|• Mayor||Emil Ćurko (HDZ)|
|Time zone||CET (UTC+1)|
|• Summer (DST)||CEST (UTC+2)|
Nin was historically important as a centre of a medieval Christian Bishopric. Up to the abolition and Latinization imposed by King Tomislav in the first half of the 10th century, Nin was the centre of the autonomous Croatian branch of the Church. Nin was also the seat of the Princes of Dalmatia. The Bishop Gregory of Nin (Grgur ninski) was an important figure in the 10th century Church politics of Dalmatia.
A small town near Zadar, Nin has a very rich and tumultuous history. Its location is intriguing; the heart of Nin is its historical center on an islet only 500 meters in diameter. Nin is situated in a lagoon on the eastern shore of the Adriatic Sea, surrounded by natural sandy beaches and linked with the mainland by two stone bridges from the 16th century. According to historians the area of Nin appears to have been settled 10000 years ago. The present-day town on the islet developed 3000 years ago and is one of the older towns on the eastern Adriatic. The area of Nin was colonized by immemorial people of the Mediterranean.
Since the 9th century B.C. the civilization of the Illyrian tribe of Liburnians was present before the Romans came, who had a strong sea and trade center called Aenona. The rich archeological finds prove strong sea links with Greece and the Hellenistic world: recent explorations revealed a rarity, a very well preserved Byzantine mosaic on the floor of a Roman villa.
The Croats colonized Nin at the beginning of the 7th century. The first Croatian state community was formed at the end of the 8th and beginning of the 9th century. Nin was the first Croatian royal town, with its period of glory being from the 7th to the 13th centuries. In the 9th century Nin became the seat of the first Croatian bishop. Bishops from Nin played a great role in the country's religious, a cultural and a political sense. Their struggle for national language (Glagolitsa) was a struggle for Croatian independence. Significant rulers connected with the history of Nin include Prince Višeslav, Prince Branimir, King Tomislav, King Petar Krešimir IV, King Zvonimir.
At the time of Turkish wars, Nin was on the battle-field. After the selling of Dalmatia to Venice (1409), Nin came under the control of Venice. Since then began its destruction; it was economically exploited but not protected militarily. The town was destroyed twice. The first destruction was 1571 and the second on 28 April 1646. The Venice government gave an order to burn the town and destroy it systematically. According to historians, the Venice government sacrificed Nin and left the burnt town to the Turks to save the town of Zadar. Monument, churches, and the king's and bishops palaces in Nin were destroyed and have never been renewed.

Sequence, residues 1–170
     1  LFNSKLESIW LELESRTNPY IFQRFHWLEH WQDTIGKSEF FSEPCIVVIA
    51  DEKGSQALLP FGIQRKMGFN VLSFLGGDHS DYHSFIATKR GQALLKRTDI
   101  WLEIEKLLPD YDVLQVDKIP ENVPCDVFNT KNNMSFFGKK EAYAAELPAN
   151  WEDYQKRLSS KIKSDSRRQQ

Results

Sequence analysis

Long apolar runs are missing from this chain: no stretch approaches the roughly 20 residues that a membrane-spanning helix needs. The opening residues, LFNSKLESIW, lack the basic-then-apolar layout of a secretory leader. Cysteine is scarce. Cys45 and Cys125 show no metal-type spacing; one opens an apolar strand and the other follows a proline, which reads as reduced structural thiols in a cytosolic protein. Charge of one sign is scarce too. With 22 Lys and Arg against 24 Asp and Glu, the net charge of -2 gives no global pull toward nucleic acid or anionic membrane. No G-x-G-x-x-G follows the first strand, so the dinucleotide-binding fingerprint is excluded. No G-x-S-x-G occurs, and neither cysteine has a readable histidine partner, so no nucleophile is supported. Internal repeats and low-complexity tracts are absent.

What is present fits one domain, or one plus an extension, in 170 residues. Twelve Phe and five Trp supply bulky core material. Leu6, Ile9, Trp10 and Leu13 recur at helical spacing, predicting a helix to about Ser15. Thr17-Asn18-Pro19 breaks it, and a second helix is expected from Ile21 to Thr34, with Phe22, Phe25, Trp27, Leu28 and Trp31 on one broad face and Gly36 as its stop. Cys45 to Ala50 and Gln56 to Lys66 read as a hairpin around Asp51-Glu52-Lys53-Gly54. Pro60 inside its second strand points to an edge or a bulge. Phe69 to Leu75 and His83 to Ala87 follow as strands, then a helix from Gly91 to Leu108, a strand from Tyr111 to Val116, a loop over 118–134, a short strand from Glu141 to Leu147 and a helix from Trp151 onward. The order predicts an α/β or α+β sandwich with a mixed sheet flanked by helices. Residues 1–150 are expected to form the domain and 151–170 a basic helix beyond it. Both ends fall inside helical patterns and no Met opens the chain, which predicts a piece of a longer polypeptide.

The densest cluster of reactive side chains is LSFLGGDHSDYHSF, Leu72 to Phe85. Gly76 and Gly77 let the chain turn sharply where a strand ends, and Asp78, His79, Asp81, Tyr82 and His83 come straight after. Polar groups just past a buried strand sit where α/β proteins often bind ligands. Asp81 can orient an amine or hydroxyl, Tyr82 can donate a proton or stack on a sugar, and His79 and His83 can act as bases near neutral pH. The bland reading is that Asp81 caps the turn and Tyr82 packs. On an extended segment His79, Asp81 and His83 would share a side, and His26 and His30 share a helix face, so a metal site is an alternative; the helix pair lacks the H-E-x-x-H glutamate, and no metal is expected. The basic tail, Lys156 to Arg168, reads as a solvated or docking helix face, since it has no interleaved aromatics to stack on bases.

The economic development of Nin began after World War II. Since 1969, Nin has been developing as a tourist destination. Nin today is historical and tourist town which looks for its developing in valorization of historical heritage. In recent years, many monuments have been restored. Because of the importance of Nin in the history of Croatia, tourists visit from Croatia and elsewhere in Europe. They come especially to visit two symbols of the old town: the church of Holy Cross from the 9th century called “the smallest cathedral in the world” and the coronation church.
After 1980 near Nin a high power mediumwave broadcasting station was built.
Near Nin, there is the most powerful broadcasting station of Croatia. It works on 1134 kHz with an output power of 600 kW ( before its destruction in 1991 1200 kW) and can be easily received in whole Europe at night time. The transmitter, which went in service in 1984 used before 1991 as antenna 4 guyed mast radiators insulated against ground with a height of 132 metres. In 1991 the station was destroyed during the Croatian independent war. Its missing signal was the most characteristic physical evidence of the war in Croatia. After the end of the war it was restored, but first not in fully extend: only 2 of its masts were rebuilt and the transmitter has only 600 kW output power. The other 2 masts were rebuilt several years later. 
- The Illyrians by J. J. Wilkes,1992,ISBN 0-631-19807-5,Page 71,"... Place-names from the Illyrian territories add little to our knowledge of the Illyrian language. The recurrent element -ona, for example, Aenona (Nin), Blandona (south Liburnia), Emona (Ljubljana), Narona (Vid), Scardona (Skradin near Sibenik), Salona (Solin near Split), ..."
|Wikimedia Commons has media related to Nin.|
- official site
- Nin tourist site
- Nin information
- St. Nicholas of Nin Chapel, 11th century
- Nin photos
- Awarded "EDEN - European Destinations of Excellence" non traditional tourist destination 2010